Payday loans draw controversy at State Capitol

7:09 PM, Mar 8, 2010   |    comments
  • Share
  • Print
  • - A A A +

The House Judiciary Committee heard testimony on House Bill 1351 which this fall seeks to send to the ballot a question of whether payday loan stores should be able to charge more than 36 percent interest to customers.

Earlier this month, the Colorado Attorney General's office released a report showing that last year, the average payday loan customer paid $475 in fees to borrow $367. It estimated 300,000 Coloradoans used payday loans in 2009.

Kasie Oliver took out a $400 payday loan to help cover extra bills incurred when her grandkids came to live with her. Eight months and 300 percent interest later, she filed for bankruptcy.

"It was horrible, it was horrible," Oliver said before telling her story to lawmakers. "300 percent - it's robbing, it's stealing. It's not the right thing to do."

At a lunchtime rally, more than 300 people defended the industry saying it provides a valuable service to a community that needs it. Industry executives say there are 1,600 full-time payday loan workers in Colorado and that the proposed cap would serve as a dramatic cut to their revenue.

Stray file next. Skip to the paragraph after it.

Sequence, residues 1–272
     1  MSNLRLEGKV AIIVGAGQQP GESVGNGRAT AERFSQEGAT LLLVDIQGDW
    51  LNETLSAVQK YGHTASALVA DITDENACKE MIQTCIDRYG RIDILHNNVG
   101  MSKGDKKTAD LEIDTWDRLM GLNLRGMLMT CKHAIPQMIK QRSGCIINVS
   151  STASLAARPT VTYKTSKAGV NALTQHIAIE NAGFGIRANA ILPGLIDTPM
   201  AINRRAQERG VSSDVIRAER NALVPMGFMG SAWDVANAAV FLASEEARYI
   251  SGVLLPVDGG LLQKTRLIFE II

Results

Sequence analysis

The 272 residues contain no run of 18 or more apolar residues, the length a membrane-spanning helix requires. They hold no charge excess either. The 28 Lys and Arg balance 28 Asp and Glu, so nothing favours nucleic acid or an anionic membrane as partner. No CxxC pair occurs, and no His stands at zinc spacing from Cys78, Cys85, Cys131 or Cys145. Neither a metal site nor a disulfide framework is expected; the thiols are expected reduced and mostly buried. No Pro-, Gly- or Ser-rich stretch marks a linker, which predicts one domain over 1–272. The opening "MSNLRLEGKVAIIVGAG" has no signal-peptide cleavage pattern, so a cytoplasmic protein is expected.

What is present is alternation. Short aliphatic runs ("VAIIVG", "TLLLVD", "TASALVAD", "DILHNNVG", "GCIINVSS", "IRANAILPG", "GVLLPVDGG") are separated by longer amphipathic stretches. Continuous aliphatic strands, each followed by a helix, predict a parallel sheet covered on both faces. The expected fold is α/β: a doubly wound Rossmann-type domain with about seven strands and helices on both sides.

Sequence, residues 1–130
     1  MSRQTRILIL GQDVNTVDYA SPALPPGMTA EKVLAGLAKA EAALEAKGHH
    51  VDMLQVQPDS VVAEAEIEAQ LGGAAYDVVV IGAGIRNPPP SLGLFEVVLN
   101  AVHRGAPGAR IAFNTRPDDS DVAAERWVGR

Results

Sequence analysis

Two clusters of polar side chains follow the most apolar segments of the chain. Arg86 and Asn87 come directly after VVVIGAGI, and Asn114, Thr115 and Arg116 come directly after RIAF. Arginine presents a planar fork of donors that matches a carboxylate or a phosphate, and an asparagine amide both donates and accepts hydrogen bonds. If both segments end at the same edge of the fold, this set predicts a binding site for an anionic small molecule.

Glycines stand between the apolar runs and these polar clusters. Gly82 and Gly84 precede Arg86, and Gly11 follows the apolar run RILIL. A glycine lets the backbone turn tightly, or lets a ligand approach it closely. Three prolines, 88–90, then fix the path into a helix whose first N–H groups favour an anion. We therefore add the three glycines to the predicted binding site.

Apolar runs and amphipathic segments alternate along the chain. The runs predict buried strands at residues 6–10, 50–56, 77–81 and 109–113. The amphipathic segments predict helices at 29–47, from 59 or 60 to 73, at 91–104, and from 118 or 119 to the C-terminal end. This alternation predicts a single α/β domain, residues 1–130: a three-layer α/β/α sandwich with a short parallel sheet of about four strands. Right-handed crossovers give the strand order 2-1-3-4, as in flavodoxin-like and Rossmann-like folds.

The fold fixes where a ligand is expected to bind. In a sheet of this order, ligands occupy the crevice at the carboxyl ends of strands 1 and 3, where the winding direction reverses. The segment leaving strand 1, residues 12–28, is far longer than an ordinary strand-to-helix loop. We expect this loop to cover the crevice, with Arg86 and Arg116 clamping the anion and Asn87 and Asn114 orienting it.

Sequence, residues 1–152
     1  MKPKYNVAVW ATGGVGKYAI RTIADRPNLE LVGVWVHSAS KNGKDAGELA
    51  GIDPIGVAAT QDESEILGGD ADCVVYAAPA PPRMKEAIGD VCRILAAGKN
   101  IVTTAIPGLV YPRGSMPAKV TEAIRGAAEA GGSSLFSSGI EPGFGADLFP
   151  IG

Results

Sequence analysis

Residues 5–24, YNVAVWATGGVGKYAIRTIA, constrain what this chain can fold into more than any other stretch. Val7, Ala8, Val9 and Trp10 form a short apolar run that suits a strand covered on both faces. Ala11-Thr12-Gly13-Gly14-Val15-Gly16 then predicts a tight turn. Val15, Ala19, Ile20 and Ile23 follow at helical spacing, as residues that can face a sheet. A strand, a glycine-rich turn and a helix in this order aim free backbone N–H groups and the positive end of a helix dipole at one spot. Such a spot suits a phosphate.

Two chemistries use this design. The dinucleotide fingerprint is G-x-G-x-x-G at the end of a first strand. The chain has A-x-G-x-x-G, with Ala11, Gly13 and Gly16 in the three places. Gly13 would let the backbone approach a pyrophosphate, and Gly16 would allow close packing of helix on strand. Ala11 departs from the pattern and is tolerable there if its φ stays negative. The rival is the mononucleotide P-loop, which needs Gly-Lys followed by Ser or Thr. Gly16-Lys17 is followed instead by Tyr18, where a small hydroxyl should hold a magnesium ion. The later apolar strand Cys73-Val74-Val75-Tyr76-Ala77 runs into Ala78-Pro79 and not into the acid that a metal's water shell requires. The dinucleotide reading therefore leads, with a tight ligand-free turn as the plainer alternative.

"The fact is, we offer a service that's easy to understand and when used correctly gives hard working people the cushion for tight financial situations," Deisi Pinedo, who is a district manager for Advance America, said. "The truth is our customers know what it costs to borrow money and compared to the fees associated with bouncing a check, paying a credit card bill late and even with many ATM charges, it costs less to get a payday loan."

Pinedo said other states that have implemented similar interest rate caps have seen stores close, jobs lost and important credit opportunities disappear. Currently, 16 other states and the District of Columbia have passed legislation regulating the amount of interest the industry can charge. An earlier plan that sought to cap the interest rates failed at the State Capitol two years ago.

Fore more information on House Bill 1351, visit

(KUSA-TV © 2010 Multimedia Holdings Corporation)

Most Watched Videos